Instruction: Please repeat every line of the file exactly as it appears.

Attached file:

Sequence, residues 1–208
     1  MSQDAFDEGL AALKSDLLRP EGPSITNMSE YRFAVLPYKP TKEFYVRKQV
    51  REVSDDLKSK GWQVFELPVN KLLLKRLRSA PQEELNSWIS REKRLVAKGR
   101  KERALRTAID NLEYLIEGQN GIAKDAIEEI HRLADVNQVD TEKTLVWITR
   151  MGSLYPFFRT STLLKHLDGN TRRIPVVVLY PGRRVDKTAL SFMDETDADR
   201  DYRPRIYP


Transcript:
Sequence, residues 1–208
     1  MSQDAFDEGL AALKSDLLRP EGPSITNMSE YRFAVLPYKP TKEFYVRKQV
    51  REVSDDLKSK GWQVFELPVN KLLLKRLRSA PQEELNSWIS REKRLVAKGR
   101  KERALRTAID NLEYLIEGQN GIAKDAIEEI HRLADVNQVD TEKTLVWITR
   151  MGSLYPFFRT STLLKHLDGN TRRIPVVVLY PGRRVDKTAL SFMDETDADR
   201  DYRPRIYP